Fall in Vermont: The Ultimate Local's Guide
Updated: Jun 16
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Maybe you’ve seen some of the quintessential Vermont scenery...the white steeple church in front of the green rolling hills, the winding dirt roads lined with trees showing off their colorful displays of oranges, yellows, and reds, the sailboat gliding through the waters of Lake Champlain. Vermont is as beautiful as you see in photographs, and it’s so much more.
Vermont is a way of life. It’s farming and getting dirty. It’s getting out and enjoying nature. Understatement in both appearance and attitude, is the fashion here. People are not flashy; in fact the flashier you dress, the more we can tell you are not from around here. Compared with most other places I’ve visited in the United States, the people here are very friendly and down-to-earth. The state as a whole is liberal, especially in the more urban area of Burlington.
Vermonters love being active and get out to enjoy the outdoors in any type of weather. Some popular activities are camping, hunting, fishing, road and mountain biking, swimming, hiking, skiing, snowboarding, snowmobiling, snowshoeing, boating, and drinking craft brew. If you are a foodie, you’ll be sure to love dining in Burlington.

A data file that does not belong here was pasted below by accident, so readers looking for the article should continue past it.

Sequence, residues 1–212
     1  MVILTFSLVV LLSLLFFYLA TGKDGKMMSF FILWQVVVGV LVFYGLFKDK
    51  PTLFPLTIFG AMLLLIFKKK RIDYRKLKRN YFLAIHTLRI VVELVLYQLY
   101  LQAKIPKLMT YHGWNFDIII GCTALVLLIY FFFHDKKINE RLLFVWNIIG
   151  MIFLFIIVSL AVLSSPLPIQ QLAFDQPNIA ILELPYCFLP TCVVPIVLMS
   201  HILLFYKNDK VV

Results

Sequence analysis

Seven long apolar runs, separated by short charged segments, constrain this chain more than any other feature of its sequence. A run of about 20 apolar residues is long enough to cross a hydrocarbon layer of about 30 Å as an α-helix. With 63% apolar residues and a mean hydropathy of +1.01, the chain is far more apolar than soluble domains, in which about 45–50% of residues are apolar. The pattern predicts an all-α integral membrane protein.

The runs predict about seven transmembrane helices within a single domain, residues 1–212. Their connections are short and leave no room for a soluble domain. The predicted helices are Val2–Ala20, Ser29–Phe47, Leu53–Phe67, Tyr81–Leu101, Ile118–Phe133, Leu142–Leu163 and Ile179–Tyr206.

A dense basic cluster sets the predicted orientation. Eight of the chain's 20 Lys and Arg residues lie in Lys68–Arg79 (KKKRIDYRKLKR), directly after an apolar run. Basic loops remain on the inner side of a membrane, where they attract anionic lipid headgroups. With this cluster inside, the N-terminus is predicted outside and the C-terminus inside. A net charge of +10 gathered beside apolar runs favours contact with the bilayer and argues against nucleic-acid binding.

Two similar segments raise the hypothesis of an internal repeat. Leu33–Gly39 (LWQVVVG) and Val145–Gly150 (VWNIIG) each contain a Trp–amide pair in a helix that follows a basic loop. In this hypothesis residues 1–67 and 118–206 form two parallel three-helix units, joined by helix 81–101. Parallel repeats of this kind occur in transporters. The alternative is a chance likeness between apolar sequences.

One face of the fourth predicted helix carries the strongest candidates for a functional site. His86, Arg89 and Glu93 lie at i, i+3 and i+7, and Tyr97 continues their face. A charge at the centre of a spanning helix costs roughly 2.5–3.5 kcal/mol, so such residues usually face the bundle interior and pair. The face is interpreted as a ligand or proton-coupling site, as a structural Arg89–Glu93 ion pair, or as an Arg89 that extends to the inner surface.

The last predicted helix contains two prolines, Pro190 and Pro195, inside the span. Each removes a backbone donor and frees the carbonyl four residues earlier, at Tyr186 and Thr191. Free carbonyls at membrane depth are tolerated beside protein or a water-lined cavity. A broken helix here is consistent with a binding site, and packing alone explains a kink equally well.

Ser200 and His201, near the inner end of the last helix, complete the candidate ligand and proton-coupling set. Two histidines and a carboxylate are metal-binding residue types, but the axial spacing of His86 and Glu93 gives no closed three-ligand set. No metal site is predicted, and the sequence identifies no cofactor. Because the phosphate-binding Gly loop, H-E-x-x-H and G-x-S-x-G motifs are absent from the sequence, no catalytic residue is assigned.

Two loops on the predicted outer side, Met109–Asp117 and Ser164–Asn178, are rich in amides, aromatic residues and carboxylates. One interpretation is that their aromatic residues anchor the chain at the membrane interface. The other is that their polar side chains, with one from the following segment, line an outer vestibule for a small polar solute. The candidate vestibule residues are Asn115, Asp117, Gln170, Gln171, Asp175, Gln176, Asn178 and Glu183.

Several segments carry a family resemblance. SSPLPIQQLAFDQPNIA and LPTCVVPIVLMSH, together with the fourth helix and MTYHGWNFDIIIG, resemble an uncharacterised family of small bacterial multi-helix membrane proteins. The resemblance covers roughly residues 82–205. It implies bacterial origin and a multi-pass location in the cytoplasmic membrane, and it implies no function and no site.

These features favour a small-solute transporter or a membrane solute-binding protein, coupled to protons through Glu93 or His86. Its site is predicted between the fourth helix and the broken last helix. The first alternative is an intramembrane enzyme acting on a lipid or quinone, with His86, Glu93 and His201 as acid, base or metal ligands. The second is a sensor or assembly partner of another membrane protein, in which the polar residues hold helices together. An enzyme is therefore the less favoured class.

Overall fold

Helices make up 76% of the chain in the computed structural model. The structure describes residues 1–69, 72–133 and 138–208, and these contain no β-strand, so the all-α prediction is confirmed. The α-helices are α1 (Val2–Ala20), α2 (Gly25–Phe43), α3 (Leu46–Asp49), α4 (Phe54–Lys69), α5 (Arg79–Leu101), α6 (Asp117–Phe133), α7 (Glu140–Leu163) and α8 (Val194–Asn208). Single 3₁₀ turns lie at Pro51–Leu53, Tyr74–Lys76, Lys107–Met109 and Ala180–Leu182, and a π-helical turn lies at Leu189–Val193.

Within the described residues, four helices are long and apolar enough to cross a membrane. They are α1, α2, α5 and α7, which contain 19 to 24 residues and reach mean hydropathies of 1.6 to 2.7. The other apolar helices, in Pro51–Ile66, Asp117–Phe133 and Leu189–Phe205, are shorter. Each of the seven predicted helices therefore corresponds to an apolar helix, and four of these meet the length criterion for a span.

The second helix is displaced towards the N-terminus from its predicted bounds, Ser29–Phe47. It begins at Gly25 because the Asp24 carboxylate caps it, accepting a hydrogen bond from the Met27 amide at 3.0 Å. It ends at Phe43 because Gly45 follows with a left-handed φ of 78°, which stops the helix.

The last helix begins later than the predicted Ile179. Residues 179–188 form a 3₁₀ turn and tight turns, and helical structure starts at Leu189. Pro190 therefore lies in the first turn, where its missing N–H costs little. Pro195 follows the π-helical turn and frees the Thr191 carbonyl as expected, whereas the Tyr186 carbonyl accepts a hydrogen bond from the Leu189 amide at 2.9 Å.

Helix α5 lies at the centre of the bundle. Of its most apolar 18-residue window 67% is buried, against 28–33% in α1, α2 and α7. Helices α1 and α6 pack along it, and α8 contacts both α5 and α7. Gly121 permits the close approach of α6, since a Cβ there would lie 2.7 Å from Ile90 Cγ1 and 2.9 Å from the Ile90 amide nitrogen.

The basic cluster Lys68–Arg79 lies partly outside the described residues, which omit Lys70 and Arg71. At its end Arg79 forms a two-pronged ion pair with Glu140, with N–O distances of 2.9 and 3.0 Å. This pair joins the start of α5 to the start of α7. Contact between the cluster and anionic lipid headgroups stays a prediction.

Summer and Fall are my favorite seasons in Vermont. When Vermonters debate about which season is best, we all tend to agree that Fall is spectacular. The weather is not too hot and not too cold. It can be pretty warm or pretty chilly so you need to dress in layers. There is a crispness in the air that feels so fresh after the hot and stifling summer. The sun seems to shine a little more; the rain falls a little less. It’s harvest season, so fresh crops are abundant and apples are ready to pick. There is something romantic about the Fall and you can smell it in the air.
And then of course, there is the foliage. We cannot forget the beautiful changing leaves that signal to us that winter is on its way. People come from all over the world to see our fall foliage (we call them leaf peepers), and it truly is a site to behold. The best time to see foliage is generally mid-September to mid-October. Peak foliage time ranges from year to year and depends on your elevation as well. If you come during that window, you are sure to see some foliage and get the best weather.
I highly recommend any visitor coming to Vermont spend at least five days here to truly take in the culture, beauty, and activity. Two to three days can be spent in Burlington while another two to three can be spent exploring the countryside and picturesque Vermont villages. Of course, more time is always better, but this is a minimum. I write about my favorite things to do in Burlington here.